Janet Moreland is attempting to become the first woman to complete a solo kayak trip down the entire length of the Missouri River, from its source at Brower’s Spring, Mont., to its juncture with the Mississippi at St. Louis. She has been sharing updates on her trip on her journey's Facebook page and blog, and she gave the Missourian permission to share some of those posts.
The Missourian wrote a story about Moreland's quest before she left, and digital subscribers can read that story here.
Here are some of Moreland's photos, with descriptions in her own words, that she posted on Wednesday, May 29.
I loved my stay here in the Gates of the Mountains.
Meriwether Lewis, July 19, 1805 (he camped right across the river): “…this evening we entered much the most remarkable clifts that we have seen yet. These clifts rise from the waters edge on either side perpendicularly to the hight of 1200 feet. Every object here wears a dark and gloomy aspect. The towering and projecting rocks in many places seem ready to tumble on us. The river appears to have forced it’s way through the immense body of solid rock for the distance of 5 3/4 miles and where it makes it’s exit below has thrown on either side vast columns of rocks mountains high.”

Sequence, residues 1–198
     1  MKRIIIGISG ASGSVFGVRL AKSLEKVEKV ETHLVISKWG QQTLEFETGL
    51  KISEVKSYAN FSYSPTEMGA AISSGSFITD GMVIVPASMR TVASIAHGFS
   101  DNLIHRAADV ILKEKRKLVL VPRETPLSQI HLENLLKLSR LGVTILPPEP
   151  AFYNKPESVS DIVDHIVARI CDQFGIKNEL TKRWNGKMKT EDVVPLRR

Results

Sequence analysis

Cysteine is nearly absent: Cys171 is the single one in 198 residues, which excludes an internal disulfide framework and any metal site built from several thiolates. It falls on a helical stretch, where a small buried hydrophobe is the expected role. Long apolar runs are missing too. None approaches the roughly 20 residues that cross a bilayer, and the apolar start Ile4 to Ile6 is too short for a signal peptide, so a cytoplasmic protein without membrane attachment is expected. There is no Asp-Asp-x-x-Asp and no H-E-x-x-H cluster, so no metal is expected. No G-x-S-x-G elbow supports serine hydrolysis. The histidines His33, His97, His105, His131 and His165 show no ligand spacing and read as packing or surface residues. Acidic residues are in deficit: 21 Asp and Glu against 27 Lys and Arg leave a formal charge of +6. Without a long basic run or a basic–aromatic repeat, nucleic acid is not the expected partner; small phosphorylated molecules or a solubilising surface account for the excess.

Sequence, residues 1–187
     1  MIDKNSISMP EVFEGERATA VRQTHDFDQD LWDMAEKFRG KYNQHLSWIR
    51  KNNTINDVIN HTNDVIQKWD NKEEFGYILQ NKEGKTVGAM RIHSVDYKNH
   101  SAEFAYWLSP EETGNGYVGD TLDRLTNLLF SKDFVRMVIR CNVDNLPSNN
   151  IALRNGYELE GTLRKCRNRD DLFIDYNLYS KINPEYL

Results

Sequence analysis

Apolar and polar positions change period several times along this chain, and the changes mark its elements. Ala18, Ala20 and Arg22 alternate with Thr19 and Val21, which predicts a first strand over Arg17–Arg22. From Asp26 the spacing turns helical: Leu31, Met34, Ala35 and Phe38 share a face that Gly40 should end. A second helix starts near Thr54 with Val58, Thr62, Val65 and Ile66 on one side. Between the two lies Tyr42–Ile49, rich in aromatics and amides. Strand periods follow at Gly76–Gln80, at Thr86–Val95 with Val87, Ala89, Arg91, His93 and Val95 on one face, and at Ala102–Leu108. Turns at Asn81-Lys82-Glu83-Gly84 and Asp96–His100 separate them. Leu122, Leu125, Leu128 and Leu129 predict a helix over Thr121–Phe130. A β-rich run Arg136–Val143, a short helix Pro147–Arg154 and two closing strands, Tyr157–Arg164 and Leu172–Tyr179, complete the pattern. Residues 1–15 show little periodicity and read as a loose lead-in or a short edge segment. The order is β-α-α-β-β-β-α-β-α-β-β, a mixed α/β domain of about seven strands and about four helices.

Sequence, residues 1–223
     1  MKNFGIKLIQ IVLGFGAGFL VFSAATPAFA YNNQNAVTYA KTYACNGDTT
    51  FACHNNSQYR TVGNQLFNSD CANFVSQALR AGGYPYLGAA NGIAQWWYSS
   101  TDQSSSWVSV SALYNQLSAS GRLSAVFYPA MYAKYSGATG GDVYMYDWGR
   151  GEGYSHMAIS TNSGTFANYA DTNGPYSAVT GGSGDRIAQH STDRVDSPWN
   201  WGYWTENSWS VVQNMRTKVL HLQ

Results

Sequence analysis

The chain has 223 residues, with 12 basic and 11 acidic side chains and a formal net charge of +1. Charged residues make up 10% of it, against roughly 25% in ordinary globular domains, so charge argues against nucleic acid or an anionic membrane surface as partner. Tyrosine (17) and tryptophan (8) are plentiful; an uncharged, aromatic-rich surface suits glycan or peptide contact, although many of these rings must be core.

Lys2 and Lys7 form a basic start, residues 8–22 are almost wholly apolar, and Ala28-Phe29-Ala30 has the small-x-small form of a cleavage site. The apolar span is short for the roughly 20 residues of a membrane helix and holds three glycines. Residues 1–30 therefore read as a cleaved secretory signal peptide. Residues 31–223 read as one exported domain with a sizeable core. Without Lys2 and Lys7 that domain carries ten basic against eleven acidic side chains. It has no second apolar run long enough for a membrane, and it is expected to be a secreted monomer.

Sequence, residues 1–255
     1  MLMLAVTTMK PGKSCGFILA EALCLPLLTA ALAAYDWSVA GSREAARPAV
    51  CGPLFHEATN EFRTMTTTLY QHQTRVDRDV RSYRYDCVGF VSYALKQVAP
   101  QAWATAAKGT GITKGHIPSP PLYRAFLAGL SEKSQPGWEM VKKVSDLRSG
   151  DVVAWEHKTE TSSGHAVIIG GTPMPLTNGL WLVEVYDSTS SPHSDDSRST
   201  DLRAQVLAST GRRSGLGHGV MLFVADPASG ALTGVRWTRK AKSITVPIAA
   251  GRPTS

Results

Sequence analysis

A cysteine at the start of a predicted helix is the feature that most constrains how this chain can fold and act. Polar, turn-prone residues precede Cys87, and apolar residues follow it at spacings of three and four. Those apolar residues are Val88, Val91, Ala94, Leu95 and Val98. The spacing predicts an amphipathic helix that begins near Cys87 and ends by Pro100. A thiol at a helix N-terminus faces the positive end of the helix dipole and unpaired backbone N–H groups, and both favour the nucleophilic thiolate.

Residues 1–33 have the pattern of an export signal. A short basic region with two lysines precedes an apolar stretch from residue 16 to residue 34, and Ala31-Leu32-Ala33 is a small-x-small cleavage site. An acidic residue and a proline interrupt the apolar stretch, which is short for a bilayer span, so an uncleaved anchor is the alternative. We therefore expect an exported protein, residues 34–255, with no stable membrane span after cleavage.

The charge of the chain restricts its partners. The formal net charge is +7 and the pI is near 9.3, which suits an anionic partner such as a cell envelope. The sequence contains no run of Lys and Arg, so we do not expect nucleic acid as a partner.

I ended up finding a fantastic campsite in the trees on the left. Right across the river is Fields Gulch where Lewis and his party camped on July 19, 1805.
One afternoon, after the rain stopped, I paddled down to Meriwether rec area and hiked up the trail to the overlook. What a lovely way to spend the day, high up into the mountains.
After my hike up to the Mann Gulch lookout, I decided to have a fire. I had collected firewood earlier that morning.
I will leave you here with a sunset photo from Friday night, an extraordinary evening of paddling with lots of special light, and one of my favorite camp spots (there are a lot of them!) This is Friday (May 24) night’s camp between Cascade and Ulm, on the way to Great Falls. I was camped on a sandy beached island across from a large natural bird sanctuary (lots of tall trees).
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